"Justice is your job, not mercy" This is a very strong statement coming from The Brothel Boy and Other Parables of the Law by Norval Morris. This sentence portrays a prominent theme in the decisions made in this book. Sent to Moulmein, Burma to act as a policeman, prosecutor, and judge, Eric Blair discovers that the law is not as clear-cut as it may seem. Constantly plagued by his moral and legal values, Eric Blair finds himself seeking the advice from the local doctor, Dr. Veraswami. Blair has a total of eight separate encounters in which he battles for the right answer. He soon finds out that there is not one right answer, but many different answers that could be right or wrong depending on the situation. Many sociological and socio-legal issues are seen throughout the book. My primary focus will be on social stratification and the role it plays with the legal issues and decisions. .
The study of social stratification is the study of class, caste, privilege, and status that is characteristic of a particular society. It varies according to how society is organized especially in terms of production and work. This idea is a sociological issue that seems to prevail throughout Blair's encounters. There are many different group and individual statuses that made up the village of Moulmein, Burma. The English were ultimately the superior group because they governed Burma and because they were white. Each person among the English did have his or her own individual status as well. Blair for example had high status in the community because of his job. After the English came the Burmese villagers. Some of these people were more importa...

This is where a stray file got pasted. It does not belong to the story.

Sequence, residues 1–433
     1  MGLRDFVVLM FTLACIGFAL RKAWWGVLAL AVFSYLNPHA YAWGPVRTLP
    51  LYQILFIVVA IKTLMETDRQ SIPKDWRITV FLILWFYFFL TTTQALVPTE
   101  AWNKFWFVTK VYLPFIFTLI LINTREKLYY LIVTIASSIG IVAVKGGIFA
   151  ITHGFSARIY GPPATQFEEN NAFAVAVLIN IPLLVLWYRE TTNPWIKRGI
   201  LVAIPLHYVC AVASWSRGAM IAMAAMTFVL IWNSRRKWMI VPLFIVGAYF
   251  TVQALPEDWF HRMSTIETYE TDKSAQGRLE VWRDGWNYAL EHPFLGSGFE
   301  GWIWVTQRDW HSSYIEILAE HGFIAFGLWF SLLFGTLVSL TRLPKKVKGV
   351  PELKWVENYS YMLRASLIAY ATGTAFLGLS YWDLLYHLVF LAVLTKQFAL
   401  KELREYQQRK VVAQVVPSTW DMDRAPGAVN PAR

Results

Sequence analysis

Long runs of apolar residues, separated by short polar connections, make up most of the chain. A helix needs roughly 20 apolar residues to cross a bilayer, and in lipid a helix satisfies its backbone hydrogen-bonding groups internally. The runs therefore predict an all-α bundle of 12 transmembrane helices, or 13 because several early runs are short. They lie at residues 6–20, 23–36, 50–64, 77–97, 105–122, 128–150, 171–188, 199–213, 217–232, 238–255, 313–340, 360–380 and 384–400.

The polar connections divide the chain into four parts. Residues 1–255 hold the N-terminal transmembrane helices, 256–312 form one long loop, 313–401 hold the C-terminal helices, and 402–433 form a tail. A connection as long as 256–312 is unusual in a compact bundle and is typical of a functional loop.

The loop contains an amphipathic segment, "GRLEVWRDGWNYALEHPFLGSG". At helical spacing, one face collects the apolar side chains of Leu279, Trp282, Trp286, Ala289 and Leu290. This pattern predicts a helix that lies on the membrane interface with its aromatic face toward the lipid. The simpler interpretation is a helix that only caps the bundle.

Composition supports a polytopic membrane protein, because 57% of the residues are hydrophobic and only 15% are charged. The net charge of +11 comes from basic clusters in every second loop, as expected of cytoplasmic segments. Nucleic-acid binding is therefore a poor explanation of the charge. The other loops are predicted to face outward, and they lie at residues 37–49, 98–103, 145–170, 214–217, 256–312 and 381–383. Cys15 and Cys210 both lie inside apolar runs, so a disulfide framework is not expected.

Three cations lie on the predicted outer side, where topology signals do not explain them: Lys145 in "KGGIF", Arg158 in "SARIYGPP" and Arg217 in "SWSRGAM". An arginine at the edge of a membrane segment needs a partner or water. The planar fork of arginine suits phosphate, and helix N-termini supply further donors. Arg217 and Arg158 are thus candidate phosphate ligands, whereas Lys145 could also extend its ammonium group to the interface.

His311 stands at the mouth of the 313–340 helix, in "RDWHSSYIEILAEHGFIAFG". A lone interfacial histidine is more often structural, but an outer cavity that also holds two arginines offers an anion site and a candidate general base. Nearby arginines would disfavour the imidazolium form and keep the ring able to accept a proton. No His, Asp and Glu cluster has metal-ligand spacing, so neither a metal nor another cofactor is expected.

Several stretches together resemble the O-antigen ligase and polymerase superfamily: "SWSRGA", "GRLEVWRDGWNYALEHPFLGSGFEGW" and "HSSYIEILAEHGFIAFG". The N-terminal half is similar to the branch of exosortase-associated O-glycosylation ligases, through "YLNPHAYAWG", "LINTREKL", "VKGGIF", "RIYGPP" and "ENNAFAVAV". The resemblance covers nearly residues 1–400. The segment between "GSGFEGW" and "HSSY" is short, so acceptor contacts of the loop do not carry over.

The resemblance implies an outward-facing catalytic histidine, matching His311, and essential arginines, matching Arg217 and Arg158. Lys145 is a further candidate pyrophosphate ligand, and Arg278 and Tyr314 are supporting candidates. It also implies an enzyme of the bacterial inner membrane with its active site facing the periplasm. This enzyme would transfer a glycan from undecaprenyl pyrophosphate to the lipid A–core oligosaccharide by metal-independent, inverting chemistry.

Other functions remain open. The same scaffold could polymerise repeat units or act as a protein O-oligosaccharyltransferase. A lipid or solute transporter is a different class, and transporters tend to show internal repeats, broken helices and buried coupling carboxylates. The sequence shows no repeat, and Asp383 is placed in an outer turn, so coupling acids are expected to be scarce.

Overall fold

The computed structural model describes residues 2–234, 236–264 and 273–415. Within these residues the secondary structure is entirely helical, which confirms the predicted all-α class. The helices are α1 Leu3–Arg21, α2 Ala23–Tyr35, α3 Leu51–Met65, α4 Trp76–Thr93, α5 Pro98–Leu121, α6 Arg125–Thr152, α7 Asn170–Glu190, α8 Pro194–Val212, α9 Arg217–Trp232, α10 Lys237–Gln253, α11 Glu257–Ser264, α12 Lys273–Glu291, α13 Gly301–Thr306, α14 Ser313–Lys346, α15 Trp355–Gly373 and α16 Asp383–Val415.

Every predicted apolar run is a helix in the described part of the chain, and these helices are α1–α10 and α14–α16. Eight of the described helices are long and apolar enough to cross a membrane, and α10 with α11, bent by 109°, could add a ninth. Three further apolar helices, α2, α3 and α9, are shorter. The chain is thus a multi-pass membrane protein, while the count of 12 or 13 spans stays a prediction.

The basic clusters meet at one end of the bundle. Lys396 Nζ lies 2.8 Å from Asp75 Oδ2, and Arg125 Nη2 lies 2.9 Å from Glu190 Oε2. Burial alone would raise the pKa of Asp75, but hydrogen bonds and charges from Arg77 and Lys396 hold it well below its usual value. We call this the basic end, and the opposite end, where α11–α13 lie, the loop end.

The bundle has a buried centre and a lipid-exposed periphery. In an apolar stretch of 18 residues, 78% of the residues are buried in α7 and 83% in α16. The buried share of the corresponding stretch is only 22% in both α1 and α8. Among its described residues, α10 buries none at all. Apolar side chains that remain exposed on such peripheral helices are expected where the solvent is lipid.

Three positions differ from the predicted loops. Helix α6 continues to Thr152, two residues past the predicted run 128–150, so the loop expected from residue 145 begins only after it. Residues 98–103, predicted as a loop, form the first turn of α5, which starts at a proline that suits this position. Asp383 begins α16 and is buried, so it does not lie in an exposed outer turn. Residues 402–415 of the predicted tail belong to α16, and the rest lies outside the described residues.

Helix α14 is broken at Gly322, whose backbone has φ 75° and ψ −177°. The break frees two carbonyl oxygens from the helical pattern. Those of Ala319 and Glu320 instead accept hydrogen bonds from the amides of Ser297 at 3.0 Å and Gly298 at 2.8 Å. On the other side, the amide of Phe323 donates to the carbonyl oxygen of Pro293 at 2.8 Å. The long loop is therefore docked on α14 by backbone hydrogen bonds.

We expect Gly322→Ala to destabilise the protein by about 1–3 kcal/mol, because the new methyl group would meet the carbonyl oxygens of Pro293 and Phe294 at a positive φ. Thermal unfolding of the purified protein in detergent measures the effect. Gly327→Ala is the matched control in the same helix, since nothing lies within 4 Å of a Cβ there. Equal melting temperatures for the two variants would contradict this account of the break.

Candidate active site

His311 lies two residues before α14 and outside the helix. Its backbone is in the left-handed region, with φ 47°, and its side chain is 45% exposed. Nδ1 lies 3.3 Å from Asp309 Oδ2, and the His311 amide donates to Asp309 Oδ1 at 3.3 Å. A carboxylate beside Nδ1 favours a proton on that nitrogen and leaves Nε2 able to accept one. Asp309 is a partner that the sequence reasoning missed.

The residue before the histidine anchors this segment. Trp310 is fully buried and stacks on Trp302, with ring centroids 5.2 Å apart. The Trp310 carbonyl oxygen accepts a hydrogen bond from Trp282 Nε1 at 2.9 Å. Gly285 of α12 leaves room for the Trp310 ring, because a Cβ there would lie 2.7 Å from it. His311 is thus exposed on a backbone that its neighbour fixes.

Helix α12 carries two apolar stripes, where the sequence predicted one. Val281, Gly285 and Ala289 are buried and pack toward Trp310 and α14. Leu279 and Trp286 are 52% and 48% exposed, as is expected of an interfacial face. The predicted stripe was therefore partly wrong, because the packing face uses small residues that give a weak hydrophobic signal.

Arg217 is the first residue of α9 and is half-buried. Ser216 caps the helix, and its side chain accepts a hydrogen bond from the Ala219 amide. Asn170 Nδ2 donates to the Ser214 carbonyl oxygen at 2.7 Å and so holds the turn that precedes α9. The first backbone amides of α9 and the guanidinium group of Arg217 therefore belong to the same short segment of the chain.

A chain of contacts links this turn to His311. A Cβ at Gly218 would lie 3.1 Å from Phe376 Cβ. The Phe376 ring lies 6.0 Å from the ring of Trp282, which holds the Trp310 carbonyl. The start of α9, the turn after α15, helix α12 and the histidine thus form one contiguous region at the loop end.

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In conclusion, "To strive for justice, one must be a person of principles. There is no single principle that one can use to achieve justice in the resolution of legal disputes." This is true because one must use a wide array of principles that come from moral and legal perspectives in order to gain a resolution. Unfortunately society has deemed it necessary to incorporate social stratification into some of these principles. The law tends to have more leniencies to those who have higher positions in society. With as many classes as our society today, it is impossible to find a jury of peers. Each person has their own idea of cultural norms, legal and moral principles, and a socio-class in which they belong to. Therefore, I contend that social stratification, whether it is between races, or economical levels, will always have some role in legal decisions.
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